This budget seems to be about spending rather than saving, though certain demographics are set to benefit more than others.
Small businesses have gained, with tax discounts and the introduction of an immediate tax deduction of all assets under $20,000. Education budgets have not been raised after they were cut last year, and while some areas of health (such as optometry and radiation for breast cancer) are now eligible for Medicare rebates, it comes at the expense of other areas (such as dental workforce programs). Stay at home parents are no longer eligible for childcare rebates or maternity leave from both their companies and the government scheme.
While all of the usual features are being covered, this budget also has a big focus on the internet and the legislative landmine it holds.
National Security received a boost, with $131 million going to help telecommunication companies store their metadata for two years. A further $22 million is being dedicated to social media monitoring in an attempt to counter the online efforts of extremist groups like IS.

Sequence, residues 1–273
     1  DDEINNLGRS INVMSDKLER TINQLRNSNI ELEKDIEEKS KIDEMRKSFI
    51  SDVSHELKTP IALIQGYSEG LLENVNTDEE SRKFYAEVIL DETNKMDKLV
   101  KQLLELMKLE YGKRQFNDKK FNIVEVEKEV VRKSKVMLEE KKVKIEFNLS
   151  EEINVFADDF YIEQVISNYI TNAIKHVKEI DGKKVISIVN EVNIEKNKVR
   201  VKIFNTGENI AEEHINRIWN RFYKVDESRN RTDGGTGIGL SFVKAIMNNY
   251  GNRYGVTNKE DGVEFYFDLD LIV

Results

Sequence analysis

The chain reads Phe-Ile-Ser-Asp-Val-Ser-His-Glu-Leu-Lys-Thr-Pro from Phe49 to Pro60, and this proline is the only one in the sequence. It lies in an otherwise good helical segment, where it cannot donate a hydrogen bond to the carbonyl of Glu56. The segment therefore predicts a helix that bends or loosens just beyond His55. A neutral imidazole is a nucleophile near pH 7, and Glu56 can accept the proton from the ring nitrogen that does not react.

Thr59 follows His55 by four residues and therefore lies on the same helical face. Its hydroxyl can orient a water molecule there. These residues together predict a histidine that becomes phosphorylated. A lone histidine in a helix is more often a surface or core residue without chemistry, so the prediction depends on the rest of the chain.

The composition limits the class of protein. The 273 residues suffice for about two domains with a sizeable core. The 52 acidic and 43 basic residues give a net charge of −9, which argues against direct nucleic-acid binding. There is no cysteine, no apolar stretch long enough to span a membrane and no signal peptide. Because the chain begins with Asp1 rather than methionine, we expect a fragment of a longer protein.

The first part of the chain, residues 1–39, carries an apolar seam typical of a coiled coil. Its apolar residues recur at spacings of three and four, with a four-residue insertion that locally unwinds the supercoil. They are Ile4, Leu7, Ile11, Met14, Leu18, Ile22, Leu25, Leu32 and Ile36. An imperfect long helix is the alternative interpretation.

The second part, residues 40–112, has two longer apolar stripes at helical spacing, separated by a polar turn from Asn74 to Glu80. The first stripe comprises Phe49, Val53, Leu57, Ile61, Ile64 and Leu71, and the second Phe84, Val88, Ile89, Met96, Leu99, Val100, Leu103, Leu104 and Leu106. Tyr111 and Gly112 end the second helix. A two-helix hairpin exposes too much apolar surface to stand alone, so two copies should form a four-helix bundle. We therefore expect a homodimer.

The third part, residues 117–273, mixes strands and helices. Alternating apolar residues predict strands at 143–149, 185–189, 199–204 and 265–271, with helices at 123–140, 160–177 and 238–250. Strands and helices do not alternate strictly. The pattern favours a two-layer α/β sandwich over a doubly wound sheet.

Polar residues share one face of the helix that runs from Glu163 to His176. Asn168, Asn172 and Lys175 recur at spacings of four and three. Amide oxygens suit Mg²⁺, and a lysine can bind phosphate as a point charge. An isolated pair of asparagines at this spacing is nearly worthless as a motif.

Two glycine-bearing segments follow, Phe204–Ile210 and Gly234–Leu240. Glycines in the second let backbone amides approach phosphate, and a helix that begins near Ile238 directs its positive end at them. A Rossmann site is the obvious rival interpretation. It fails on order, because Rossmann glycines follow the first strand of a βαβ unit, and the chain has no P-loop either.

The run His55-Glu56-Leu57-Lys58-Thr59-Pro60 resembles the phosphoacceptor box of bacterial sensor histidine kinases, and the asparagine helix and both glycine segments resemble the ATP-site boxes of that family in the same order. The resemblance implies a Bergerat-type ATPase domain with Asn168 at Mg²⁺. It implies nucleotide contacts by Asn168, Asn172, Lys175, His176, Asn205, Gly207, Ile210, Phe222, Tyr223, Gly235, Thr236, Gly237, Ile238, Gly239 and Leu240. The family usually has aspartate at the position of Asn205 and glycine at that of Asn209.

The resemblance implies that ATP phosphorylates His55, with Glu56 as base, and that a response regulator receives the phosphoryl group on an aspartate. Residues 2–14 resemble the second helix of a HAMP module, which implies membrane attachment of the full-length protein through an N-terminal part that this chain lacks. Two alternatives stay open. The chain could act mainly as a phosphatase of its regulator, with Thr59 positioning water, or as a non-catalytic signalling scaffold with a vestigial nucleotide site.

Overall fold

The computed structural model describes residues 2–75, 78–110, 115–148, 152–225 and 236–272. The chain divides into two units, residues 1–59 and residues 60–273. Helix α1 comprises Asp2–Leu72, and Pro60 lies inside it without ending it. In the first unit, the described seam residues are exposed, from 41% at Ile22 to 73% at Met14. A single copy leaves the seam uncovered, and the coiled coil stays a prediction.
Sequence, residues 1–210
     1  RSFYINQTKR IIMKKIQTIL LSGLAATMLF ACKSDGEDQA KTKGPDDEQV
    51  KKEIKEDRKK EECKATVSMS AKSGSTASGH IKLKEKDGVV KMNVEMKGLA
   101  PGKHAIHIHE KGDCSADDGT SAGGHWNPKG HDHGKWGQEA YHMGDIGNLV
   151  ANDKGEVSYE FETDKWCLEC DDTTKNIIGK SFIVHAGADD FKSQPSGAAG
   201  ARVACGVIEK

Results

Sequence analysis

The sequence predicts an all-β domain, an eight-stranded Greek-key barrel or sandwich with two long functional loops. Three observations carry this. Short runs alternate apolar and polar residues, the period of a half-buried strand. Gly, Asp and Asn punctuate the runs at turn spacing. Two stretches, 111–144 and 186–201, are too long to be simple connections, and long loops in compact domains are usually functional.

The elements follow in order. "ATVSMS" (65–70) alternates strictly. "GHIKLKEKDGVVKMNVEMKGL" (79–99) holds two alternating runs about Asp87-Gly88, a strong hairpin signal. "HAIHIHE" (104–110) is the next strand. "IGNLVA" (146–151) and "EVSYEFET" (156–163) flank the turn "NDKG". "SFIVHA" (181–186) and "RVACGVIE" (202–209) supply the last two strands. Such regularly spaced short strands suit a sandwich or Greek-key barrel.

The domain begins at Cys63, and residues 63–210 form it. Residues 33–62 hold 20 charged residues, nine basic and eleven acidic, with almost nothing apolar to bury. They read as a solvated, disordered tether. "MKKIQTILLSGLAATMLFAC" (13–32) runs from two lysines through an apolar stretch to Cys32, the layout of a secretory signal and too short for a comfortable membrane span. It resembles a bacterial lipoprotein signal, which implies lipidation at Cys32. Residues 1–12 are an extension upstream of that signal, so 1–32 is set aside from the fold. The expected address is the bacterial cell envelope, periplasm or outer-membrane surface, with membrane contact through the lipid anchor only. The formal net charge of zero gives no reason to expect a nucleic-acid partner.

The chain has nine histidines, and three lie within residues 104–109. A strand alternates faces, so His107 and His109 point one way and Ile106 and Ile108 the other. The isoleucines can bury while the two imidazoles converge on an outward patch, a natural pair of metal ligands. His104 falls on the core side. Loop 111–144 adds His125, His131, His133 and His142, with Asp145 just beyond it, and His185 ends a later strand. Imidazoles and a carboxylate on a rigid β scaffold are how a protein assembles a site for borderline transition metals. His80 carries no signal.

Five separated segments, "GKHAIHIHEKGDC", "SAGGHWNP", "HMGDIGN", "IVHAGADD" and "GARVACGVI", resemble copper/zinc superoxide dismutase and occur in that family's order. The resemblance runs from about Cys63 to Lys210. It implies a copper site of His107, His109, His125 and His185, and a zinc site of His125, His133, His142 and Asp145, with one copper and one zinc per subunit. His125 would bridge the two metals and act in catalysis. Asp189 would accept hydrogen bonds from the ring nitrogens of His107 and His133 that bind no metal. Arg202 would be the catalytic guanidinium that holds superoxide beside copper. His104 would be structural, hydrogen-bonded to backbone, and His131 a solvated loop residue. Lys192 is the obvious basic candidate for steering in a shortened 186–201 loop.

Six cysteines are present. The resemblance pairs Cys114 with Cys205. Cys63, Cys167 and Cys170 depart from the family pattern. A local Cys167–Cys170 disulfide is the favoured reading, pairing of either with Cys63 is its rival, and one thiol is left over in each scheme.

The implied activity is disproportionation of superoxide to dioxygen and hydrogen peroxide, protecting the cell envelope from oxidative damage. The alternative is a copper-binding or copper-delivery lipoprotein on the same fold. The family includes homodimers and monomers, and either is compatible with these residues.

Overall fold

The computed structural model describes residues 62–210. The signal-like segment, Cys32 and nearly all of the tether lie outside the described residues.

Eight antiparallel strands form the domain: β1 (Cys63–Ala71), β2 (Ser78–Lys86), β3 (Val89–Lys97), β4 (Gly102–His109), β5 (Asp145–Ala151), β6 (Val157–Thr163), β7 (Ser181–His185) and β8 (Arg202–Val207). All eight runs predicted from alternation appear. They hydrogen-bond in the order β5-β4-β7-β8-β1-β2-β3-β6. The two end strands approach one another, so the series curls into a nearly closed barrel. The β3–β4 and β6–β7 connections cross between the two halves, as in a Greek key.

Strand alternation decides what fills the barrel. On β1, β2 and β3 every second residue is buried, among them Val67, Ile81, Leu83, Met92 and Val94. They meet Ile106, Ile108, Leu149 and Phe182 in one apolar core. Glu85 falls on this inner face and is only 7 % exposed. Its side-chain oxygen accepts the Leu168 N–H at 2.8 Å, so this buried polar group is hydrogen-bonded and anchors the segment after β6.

As we talked about last week, the federal budget is now clamping down on multinational companies who have been avoiding paying tax in Australia by profit-shifting. Penalties for any kind of tax evasions by these companies now include paying back double what they owe, plus interest.
Also from our article last week, the Netflix Tax comes into effect on July 17 2017. In its first two years this tax is expected to earn the government $350 million.
For more information about the new budget check out this awesome breakdown by the ABC.
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